So much in our world is changing so quickly that we find ourselves asking, What does the future hold? Is it possible for us to get a glimpse of tomorrow?
Future scenarios can be frightening:
Out-of-control artificial intelligence destroys the human race. World War III finally erupts, annihilating much of humanity. Continued climate change brings with it catastrophic floods, droughts and famines. The central banks and currencies of the West collapse, and the world is left in shambles.
Many of us, at one time or another, have asked ourselves whether one or more of these scenarios is possible. And most of us have wondered, What does the future hold?
Thinking about the future
Throughout history, people have sought answers to their questions about the future from soothsayers, fortune tellers, mediums and prophets. Some people are so desperate to know that they set aside their better judgment, accepting for truth what they want to hear.
Today’s mediums and fortune tellers take advantage of this self-induced gullibility. Once illegal in much of the Western world, these parasites often prey on the weak and vulnerable in society.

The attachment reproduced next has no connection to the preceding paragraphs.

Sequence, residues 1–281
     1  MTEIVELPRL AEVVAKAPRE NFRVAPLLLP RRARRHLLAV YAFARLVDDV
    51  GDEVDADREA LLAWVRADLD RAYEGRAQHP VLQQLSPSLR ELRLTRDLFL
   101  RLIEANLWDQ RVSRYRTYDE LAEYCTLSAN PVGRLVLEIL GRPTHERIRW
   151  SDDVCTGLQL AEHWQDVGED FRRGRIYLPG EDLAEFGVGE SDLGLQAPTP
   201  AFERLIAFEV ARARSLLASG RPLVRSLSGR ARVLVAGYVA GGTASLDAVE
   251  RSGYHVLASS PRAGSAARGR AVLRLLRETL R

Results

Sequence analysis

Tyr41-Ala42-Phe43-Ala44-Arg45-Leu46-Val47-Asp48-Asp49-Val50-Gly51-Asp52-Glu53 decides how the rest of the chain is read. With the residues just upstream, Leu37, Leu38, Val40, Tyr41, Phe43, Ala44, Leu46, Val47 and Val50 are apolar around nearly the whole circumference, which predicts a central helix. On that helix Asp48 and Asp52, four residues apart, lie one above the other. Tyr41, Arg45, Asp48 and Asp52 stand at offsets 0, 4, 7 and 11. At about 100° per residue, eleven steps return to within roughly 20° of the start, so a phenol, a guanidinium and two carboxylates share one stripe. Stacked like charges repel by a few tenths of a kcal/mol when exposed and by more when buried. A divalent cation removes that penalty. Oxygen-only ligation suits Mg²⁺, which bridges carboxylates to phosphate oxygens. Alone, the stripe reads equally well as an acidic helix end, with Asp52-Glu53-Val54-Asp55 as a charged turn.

Helping drive this renewed interest are movies and television programs that excite the imagination. They portray the prophecies of historic seers and mystics as spectacularly accurate. But is that true?
Prophecies of Nostradamus
One such example is the 16th-century Nostradamus. Described by Britannica.com as “the most widely read seer of the Renaissance,” the French prophet wrote his predictions in enigmatic quatrains, or four-line poetic stanzas.
These short quatrains lend themselves to a wide array of interpretations. Devoted believers interpret them—after the fact—to fit actual historic events, thus bestowing on Nostradamus the appearance of credibility.
However, when we closely and honestly examine the recorded visions and prophecies of mystics such as Nostradamus, we see that there is no substance to them. They are intentionally vague. The result is wording that can be stretched to accommodate a range of interpretations.
Furthermore, when we look into the inspiration for these so-called prophets, we are confronted with a disturbing reality: they often rely on the occult. This was true of Nostradamus, who studied both astrology and the occult in his efforts to see into the future. (See more in our online article “Nostradamus.”)
God recognizes the human desire to know what the future holds, but He specifically forbids seeking answers from anyone or anything other than His prophets and His revelation: “And the person who turns to mediums and familiar spirits, to prostitute himself with them, I will set My face against that person and cut him off from his people” (Leviticus 20:6).
Why we want to know the future
So why is it that humans are sometimes so desperate to know what the future holds?
Maintaining a degree of control over our lives in the midst of an unpredictable and chaotic world is probably a major factor. We want to make good choices in life, and that means having some understanding of what will happen in the near future.
This is a good thing. The Bible counsels us to embrace wisdom, and that means planning and working for our individual futures.